The fact that Andy lived 200 miles away from London possibly explained why he didn’t have a bike when all his friends did. And the bus number is something the police would have asked if they been called in. So it’s important that those two pieces of information don’t get forgotten. But I wasn’t the person who would be calling the police and I didn’t need to have that information in order to understand the gravity of the situation my friend was faced with.

People often impart information in the order in which it has happened. It’s the easiest way to remember the information and requires the least amount of thought or pre-planning when we recount the story. But that’s not the best way to pass information on. Not if your aim is to help the recipient. If you want the recipient of the information to understand and appreciate its importance, the best way to present it is to put the information in the sequence which is the most natural for the person you are communicating with.

There are lots of different ways of doing that, as I have learned. I will work through a number of them on the next page of this website. But, in this specific case, the most helpful way for me to hear the information was to learn the key point as soon possible and to have it followed up with the answers to the questions that would most naturally occur to me. My friend had done almost the exact opposite. Other situations call for other techniques, as we will see. But being helpful to the person we are communicating with is the one constant rule that will guide us towards the best technique to use in any given situation.

It’s important not to be inconsiderate of my friend’s position. She was stressed out when she told me about Andy going missing. So it’s not the least bit surprising that she wasn’t in the right frame of mind to construct her conversation to suit me. I was aware of that fact at the time and I’m well aware of it now. But the incident taught me that, if we have the time to be calm and rational, we can aim to present information in the most helpful way possible.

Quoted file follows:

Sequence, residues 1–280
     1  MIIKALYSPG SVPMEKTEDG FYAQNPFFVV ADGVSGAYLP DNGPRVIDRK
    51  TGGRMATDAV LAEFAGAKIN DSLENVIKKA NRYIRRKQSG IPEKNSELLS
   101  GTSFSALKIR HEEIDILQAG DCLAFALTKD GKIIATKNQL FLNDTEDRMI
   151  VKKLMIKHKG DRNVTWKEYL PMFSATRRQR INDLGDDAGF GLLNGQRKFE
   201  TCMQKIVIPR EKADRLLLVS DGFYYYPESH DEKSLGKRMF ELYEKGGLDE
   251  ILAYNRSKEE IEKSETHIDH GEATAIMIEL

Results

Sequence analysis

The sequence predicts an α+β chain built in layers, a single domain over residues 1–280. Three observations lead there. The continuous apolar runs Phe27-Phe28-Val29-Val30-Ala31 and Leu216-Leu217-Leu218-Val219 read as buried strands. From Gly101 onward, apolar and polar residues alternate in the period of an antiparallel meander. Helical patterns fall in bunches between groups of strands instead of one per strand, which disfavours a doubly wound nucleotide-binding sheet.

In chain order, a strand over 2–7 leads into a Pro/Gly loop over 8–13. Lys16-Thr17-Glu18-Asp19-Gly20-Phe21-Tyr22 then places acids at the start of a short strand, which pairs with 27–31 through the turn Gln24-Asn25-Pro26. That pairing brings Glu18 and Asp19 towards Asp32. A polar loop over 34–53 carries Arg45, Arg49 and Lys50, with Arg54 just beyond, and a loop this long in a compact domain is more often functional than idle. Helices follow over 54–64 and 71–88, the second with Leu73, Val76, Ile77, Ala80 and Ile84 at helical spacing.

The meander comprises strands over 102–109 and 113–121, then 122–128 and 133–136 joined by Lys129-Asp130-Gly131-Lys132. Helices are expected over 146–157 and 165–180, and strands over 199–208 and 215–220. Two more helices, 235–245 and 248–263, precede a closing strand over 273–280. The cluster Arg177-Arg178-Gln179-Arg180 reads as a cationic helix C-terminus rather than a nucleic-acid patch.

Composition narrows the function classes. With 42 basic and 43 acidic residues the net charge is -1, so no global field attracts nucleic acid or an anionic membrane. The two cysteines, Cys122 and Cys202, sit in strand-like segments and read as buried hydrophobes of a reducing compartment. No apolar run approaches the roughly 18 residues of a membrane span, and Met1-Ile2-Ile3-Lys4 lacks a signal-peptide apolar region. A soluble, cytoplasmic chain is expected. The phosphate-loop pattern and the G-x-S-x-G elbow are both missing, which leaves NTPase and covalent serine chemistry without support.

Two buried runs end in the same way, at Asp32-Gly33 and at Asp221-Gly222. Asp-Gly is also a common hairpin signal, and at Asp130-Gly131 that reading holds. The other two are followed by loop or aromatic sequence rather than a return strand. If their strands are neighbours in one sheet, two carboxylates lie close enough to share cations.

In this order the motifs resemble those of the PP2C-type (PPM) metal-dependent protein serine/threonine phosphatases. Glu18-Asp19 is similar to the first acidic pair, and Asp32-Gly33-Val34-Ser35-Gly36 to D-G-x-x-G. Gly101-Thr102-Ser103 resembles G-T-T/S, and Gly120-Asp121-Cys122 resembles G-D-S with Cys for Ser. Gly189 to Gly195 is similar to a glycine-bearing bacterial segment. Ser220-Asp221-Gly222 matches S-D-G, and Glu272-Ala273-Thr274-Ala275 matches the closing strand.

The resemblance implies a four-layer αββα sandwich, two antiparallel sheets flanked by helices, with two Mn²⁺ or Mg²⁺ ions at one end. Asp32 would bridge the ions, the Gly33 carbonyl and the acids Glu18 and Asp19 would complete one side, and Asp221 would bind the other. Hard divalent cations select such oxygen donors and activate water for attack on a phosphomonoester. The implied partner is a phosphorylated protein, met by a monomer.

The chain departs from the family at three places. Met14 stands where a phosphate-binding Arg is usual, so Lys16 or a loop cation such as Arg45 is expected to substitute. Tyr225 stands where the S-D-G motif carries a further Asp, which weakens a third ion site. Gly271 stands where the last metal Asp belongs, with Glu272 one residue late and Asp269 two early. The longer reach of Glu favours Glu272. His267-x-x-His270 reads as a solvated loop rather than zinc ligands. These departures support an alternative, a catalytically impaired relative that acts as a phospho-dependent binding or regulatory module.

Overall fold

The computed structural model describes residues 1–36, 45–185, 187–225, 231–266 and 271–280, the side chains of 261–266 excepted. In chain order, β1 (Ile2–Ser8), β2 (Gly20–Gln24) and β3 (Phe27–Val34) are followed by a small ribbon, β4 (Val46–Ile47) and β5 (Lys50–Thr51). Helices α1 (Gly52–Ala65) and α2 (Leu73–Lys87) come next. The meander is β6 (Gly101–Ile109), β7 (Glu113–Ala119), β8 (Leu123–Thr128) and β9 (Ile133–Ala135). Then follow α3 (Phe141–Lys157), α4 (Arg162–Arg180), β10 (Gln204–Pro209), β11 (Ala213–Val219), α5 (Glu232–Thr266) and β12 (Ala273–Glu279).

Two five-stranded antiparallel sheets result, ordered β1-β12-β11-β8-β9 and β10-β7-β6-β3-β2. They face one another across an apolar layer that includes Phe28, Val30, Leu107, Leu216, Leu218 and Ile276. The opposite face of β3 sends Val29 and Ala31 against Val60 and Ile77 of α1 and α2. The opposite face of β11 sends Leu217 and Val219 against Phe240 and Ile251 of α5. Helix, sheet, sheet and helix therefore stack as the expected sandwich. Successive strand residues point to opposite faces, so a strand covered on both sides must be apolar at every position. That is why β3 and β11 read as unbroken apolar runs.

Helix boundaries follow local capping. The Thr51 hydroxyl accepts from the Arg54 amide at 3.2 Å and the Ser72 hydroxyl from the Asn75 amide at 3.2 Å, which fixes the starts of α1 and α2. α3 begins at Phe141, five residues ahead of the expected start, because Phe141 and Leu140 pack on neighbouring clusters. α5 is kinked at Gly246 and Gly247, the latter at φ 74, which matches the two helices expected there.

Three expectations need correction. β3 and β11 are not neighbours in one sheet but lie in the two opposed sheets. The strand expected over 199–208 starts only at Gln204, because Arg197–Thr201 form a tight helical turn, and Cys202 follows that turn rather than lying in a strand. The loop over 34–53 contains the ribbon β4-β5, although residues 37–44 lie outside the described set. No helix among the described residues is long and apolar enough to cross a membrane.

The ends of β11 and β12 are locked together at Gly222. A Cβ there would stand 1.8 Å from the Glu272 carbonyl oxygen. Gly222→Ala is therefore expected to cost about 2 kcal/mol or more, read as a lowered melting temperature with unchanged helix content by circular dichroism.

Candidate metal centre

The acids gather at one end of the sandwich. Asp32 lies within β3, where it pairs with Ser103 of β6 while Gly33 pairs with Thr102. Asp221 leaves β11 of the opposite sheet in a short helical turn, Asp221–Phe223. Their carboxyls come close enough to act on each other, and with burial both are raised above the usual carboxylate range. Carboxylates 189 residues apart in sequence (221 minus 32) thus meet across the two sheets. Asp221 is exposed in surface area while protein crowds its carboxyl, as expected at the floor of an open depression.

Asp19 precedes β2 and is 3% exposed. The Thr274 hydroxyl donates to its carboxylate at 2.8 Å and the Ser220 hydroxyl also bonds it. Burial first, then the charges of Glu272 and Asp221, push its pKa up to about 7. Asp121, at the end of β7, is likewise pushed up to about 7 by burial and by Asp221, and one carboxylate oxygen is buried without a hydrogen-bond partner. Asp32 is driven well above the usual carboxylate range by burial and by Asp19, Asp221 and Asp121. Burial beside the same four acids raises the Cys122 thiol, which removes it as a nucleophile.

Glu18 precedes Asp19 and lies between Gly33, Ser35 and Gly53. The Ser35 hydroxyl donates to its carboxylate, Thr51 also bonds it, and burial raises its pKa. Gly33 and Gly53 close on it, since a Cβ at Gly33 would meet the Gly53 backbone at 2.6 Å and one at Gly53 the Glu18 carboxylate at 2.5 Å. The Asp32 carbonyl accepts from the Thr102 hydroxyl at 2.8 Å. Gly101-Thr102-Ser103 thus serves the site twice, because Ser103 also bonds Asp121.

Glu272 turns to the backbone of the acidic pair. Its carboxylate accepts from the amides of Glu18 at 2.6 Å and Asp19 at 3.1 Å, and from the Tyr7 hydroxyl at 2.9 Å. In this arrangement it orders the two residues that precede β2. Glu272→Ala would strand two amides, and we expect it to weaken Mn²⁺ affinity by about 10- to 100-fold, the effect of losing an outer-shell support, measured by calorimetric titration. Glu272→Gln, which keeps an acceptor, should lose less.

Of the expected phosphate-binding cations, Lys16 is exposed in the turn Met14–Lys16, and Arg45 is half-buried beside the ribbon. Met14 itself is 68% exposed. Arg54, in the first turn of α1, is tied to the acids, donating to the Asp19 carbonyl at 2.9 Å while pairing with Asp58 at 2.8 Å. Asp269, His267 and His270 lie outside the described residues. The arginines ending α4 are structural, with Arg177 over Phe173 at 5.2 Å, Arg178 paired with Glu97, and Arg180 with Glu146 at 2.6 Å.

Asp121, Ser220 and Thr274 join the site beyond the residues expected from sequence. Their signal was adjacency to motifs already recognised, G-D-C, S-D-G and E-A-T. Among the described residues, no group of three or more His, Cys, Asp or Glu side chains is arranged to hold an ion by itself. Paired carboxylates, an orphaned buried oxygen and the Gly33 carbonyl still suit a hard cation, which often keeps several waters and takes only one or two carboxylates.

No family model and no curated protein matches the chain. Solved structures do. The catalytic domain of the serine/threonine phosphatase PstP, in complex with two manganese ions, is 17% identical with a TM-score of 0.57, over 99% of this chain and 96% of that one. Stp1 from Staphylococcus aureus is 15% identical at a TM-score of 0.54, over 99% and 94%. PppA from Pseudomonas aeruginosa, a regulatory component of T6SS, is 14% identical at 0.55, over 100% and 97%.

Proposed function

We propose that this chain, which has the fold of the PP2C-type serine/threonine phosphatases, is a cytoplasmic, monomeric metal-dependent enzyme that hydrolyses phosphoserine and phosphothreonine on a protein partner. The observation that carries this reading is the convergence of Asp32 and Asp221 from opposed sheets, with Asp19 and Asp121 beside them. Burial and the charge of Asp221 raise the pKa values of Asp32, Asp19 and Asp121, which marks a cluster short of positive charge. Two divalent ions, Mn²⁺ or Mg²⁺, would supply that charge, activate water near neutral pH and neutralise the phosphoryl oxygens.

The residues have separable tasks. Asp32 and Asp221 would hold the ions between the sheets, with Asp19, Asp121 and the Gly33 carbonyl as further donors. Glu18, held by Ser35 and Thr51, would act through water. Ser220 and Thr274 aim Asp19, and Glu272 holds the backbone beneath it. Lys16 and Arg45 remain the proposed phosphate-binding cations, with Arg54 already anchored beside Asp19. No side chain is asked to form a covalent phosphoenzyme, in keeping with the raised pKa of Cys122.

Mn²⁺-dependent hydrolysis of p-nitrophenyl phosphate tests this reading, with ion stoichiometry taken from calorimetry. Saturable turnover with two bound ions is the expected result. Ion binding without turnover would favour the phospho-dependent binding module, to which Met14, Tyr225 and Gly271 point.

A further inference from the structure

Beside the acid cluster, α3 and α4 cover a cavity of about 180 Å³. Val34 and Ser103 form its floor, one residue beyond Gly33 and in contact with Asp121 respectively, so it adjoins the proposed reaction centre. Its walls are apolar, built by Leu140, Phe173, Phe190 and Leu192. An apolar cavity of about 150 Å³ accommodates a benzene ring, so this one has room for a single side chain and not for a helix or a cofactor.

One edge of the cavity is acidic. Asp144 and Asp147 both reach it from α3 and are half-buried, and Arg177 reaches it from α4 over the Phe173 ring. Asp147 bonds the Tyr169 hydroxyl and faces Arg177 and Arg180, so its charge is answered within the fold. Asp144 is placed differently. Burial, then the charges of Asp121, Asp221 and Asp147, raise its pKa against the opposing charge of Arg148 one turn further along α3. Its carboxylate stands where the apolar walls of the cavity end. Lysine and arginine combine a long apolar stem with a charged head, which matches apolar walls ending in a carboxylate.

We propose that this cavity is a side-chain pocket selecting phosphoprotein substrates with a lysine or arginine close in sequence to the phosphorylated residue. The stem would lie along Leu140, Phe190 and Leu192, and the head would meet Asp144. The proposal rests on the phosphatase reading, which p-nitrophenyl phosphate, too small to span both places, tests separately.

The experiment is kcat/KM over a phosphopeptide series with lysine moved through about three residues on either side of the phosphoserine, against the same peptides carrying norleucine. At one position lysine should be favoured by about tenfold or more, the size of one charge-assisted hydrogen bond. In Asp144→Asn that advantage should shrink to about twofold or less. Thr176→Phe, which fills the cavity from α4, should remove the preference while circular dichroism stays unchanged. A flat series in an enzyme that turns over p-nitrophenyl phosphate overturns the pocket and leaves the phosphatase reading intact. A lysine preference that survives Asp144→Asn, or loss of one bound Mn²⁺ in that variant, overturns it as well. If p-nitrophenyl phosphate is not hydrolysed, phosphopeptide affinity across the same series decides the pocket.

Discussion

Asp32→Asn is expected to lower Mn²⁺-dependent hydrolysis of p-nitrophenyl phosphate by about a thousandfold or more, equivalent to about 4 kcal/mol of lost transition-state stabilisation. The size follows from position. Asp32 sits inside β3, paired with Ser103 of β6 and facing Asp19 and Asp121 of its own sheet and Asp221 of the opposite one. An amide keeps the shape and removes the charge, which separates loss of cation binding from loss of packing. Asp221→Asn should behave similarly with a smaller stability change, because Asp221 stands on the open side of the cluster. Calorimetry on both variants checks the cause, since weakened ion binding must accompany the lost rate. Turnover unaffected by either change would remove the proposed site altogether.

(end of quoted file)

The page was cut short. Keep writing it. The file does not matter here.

In the years since this event happened, I have also learned that, with practice, it can become almost second nature to re-sort the information into a more helpful structure.

So what did happen to Andy? Click here to find out.

As I said earlier, Andy was fine. When he eventually got in touch with his friends, he revealed that he had run into some other acquaintances on the way to the cinema and decided that going for a drink with them was preferable to seeing the film the first group of friends were heading for. So Andy went for a beer with the people he ran into and then back to their place overnight.

How much nicer it would have been if he had told people! (We may not have had mobile phones in 1984, but there certainly was an answer phone he could have left a message on.)

Andy (if that’s his real name; it’s the one part of the story I don’t actually recall anymore) is probably a very wise and responsible person by now. But if he hadn’t been so thoughtless all those years ago, I might never have been on the receiving end of a conversation that changed the way I think about communication. I do hope he doesn’t mind that I have been using this story about his behaviour as a teaching aid for the past 30 years!

Once I had identified the idea of “interrupting questions” as a way to structure a communication, I spent a lot of time developing and honing this approach (or the “Question & Answer Technique”, as I started to call it). I soon found that it became almost instinctive. You can find out more about that by reading the rest of this page. Or you can jump to my exploration of alternative techniques, on the next page of this website, and perhaps return here later.

The Question & Answer Technique

Here’s an example I came across recently that would benefit from the Question & Answer Technique. We can work on it together.

Someone showed me an email from the building management office of the apartment block where I live. The email had been sent to a resident who was, at the time, away on holiday. There had been a leak in the resident’s apartment and this is how they were sent the news. Notice how it follows a strictly chronological sequence: